The New York Yankees season may have been a strikeout, but chef Marcus Samuelsson’s show every Tuesday on the Yes Network app is a grand slam.
In “Home Plate,” Samuelson, 50, former Yankees—Bernie Williams, 53, and David Cohn, 58—venture to a diverse selection of NYC’s best mom and pop eateries, chosen by New York Liberty’s Rookie of the Year Michaela Oenwehr. Huh. Lorraine Bracco, 67, and Steve Schirripa, 64, with “The Sopranos”
“It’s all we love about the city. It’s the sport, it’s the family, it’s the people,” Samuelson told The Post about his new series, in which he helps prepare a variety of dishes. – from old-school Italian, Nigerian and Puerto Rican, to some hardy Texas barbecue – with local chefs.
But the real fun falls short as Samuelson struts it all over the table with these New York icons, who give them a look at their lives, taste buds, and accomplishments in the “behind the house.”
In one scene, Coen recounts a prank drawn during the 2000 World Series, where he convinced late Yankees owner George Steinbrenner that the Mets were spying on his clubhouse, which resulted in the boss losing his entire-game Pulled the pitcher into a headlock. When it comes to adventures with Steinbrenner, Koen told The Post, “There are definitely some of them that are almost like a ‘Seinfeld’ episode.”
In others, Williams reminisced about riding his guitar to distant games — he even got Derek Jeter to sing Lionel Richie on occasion — and Oyenwar shared some surprising facts about his journey to success. (In which no one in his family played basketball).
Want to eat like these big names? Here are his hand-picked locations, all based on the cultures he grew up in.
David Kohn’s Pitch-Perfect Barbecue
Con’s native town, Mohd. Barbecue in the U.S. is shy of a religion—so he knows the Hill Country Barbecue Market in the Flatiron District means business.
“It’s about as good as it gets in New York City,” the pitcher told The Post. “The focus is on the meat rather than the sauce.”
Hill Country’s culinary director, Ash Fulk, went behind the scenes with Cone and Samuelson to get a glimpse of what goes into the eatery’s iconic “classic brisket barbecue,” which is simmered for nearly 13 hours of massive, custom-made smoking. Cooked on the doer.
Hill Country Barbecue Markethandjob 30 W. 26th St.; hillcountry.com
Michaela Onyen’s beloved Nigerian cuisine was
The daughter of Nigerian parents, this WNBA standout was eager to eat at her favorite restaurant, Buka, an African eatery in Brooklyn.
In fact, good Nigerian cuisine was “one of the first things” Onyen once prepared for his New York team, she said.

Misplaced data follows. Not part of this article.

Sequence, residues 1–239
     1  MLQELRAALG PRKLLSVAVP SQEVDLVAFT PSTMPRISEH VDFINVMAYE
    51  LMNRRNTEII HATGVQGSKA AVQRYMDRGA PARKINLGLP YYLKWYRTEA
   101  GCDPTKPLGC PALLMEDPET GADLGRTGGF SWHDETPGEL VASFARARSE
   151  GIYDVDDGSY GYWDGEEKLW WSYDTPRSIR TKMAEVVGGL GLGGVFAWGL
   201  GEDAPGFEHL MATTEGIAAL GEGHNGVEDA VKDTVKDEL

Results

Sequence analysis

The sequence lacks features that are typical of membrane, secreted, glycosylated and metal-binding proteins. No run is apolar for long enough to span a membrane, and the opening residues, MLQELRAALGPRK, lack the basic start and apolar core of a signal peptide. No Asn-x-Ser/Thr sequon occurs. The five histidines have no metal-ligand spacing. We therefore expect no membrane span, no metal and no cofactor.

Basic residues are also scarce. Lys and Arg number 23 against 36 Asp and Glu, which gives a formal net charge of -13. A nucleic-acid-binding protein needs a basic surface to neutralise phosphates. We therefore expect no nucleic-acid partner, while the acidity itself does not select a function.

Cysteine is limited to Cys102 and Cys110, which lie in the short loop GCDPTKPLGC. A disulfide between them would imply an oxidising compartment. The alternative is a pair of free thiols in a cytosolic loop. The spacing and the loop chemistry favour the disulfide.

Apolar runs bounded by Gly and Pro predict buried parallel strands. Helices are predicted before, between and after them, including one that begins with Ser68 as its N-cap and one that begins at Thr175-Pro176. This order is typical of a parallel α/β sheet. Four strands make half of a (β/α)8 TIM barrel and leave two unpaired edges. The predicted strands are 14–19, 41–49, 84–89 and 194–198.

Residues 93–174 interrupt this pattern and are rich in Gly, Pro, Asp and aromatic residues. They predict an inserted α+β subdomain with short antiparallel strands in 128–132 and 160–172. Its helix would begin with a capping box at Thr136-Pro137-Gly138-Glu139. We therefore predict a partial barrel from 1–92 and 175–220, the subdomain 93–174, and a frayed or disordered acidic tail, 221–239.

Buka owner and chef Lukman Afolayan took Oyenvere and Samuelsson backstage to create a traditional stew made from a cassava-based dough known as fufu, as well as soaked skewers of spicy meat. and Jollof rice, which Samuelson calls “the secret of West Africa.” “
Buka, 946 Fulton St., Clinton Hill; bucannewyork.com
Bernie Williams’ Puerto Rican Pick
The spice and flare of Puerto Rican restaurant Counter & Bodega in Chelsea was perfect for Williams, a first for the eatery and the island native.
In his episode, Chef Alejandro Carretero teaches Williams and Samuelsson how to make sofrito sauce; Plantain-based dishes like Mashed Mofongo and Stuffed-and-Fried Pionono; And some great looking empanadas.
The outfielder opens up about his passion outside of baseball — playing the guitar — and even does some merengue tableside.
Williams told Samuelson of growing up in Puerto Rico, “When I was playing baseball, the music came on quite strangely.”
Counter and Bodega, 216 Seventh Avenue, Chelsea; CounterAndBodega.com
A ‘Sopranos’ reunion in the Bronx
Bracco and Schirripa decided to try the Italian staple Enzo on Arthur Avenue for their episode that aired Tuesday.
They went to the kitchen to make various pork dishes, pasta and Enzo’s signature meatballs with onions and peppers, later sharing all kinds of stories from the “Sopranos” set, owner Ralph Martucci told The Post.
“They were really into it. Steve loved meatballs,” said Martucci, whose restaurant was closed for 10 months during the pandemic.
Spotlighting NYC’s beleaguered restaurant industry is part of the show’s mission, its host said.
Samuelson said, “With Covid, it has been hard for all of us to get back together.” “It feels amazing to support these small businesses. [with] Some legends of our city. ”
Enzo, 2339 Arthur Avenue, Little Italy, The Bronxo; EnzosArthurAve.com